If we were to talk about the atomic particles, we would talk about numbers so large and so low that even with usage of calculator or computer would be complicated!

Scientific notations is the more compact way to use these numbers.

Here I will show you how to convert number to scientific notation:

Lets take this number „25,300,000,000,000 miles.“

regularExpression
<- 2**,**5 300 000 000 000**,**

New decimal places are on the end of a number and on the spot where we only have on number to the left, which is after first number.

Here I count the digits between the commas, which is 13.

Now I write the number with the decimal place in the new position and I get rid of the all zeros after number 3. So the new number is going to be 2.53 and that is first part.

In my regularExpression variable, I have 13 numbers between two commas and we acknowledge that by rising 10 to the power of 13, so its going to be :

2.53
x 10^{13 }

I moved the decimal place for 13 places and that is why it is to the power of 13.

Now lets see how to do this with small numbers. Its same as with big numbers, but with difference of exponent on number 10 getting smaller.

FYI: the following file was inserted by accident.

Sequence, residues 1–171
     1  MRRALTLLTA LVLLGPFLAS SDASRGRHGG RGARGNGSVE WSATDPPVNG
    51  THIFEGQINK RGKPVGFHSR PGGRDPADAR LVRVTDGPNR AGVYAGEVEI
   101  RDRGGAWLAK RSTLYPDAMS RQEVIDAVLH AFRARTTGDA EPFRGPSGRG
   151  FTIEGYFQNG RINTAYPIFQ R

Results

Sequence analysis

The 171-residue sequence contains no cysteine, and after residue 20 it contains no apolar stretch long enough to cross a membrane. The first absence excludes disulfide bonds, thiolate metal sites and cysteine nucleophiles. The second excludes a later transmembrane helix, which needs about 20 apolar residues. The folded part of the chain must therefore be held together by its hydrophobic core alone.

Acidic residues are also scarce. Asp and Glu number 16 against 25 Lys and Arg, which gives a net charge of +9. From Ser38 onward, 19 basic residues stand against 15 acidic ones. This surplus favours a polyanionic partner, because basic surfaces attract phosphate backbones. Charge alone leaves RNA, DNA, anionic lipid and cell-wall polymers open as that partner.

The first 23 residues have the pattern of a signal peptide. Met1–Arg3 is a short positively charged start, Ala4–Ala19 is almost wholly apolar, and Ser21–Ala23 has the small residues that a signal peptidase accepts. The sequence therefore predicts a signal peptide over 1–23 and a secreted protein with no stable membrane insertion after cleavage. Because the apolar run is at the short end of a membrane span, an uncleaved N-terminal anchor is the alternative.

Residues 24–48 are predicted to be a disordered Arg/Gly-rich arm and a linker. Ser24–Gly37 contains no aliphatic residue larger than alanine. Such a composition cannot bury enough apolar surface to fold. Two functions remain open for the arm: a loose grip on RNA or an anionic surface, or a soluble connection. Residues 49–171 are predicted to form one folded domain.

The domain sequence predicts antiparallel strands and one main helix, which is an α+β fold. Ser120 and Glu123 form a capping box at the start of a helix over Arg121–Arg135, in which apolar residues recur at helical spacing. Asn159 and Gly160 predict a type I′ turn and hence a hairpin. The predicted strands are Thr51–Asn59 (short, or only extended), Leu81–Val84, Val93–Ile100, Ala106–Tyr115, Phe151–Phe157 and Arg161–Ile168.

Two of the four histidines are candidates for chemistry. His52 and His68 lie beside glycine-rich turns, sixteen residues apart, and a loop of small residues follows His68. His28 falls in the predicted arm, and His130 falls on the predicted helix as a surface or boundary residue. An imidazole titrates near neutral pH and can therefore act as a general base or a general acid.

For example:

regularExpression
<- 0**,**000 000 02**,**03

I have commas after first digit (which is 0) and after the first digit which is not 0 and that is 2.

Between the commas, I have 8 digits. Now we rewrite our number with decimal place in its new position, which is 2,03

In my regularExpression variable, I have 8 numbers between two commas and we acknowledge that by rising 10 to the power of -8, so it’s going to be :

2.03
x 10^{-8}

Let’s take a look at another example of scientific notation on big numbers.

X <- 3,749 000 000 ,

In
this number, decimal place is moved for 9 spots so its going to be x 10^{9}

^{ }Before first zero, we have 3,749 and that
means that scientific notation for number X is:

3,749
x 10^{9}

Lets see yet another example for small numbers.

Y<- 0.00004269

First number that is not zero is 4. That means that our new decimal place is after 4, so it will be like this:

Y<- 000004.269

We
moved decimal place for 5 digits. That means that will be x 10^{-5}

From
the number Y, we erase zeroes and we are left with 4.269

So, the scientific notation of Y number will be 4,269 x 10^{-5}

Lets see now how to convert scientific notations to real numbers. For example:

7.921
x 10^{8}

To get real number from this, I must have 8 digits after decimal place. I already have 3 of them (921),

and for the rest I add zeros. That means I will have 7.92100000

In the end, I simply remove comma (decimal place) and I get real number which is 792100000.

Let’s see how to do this for small numbers. For example:

8.2
x 10^{-5}

Here
we move decimal place to the left. 10^{-5 }means that we must have 5 digits before current decimal place
(8.2)

That means that we add zeroes before 8 till we have five digits before number
2:

00008.2

After this, we move decimal place to the very left:

.000082

And this is our number

To learn more about scientific notation, check out this tutorial: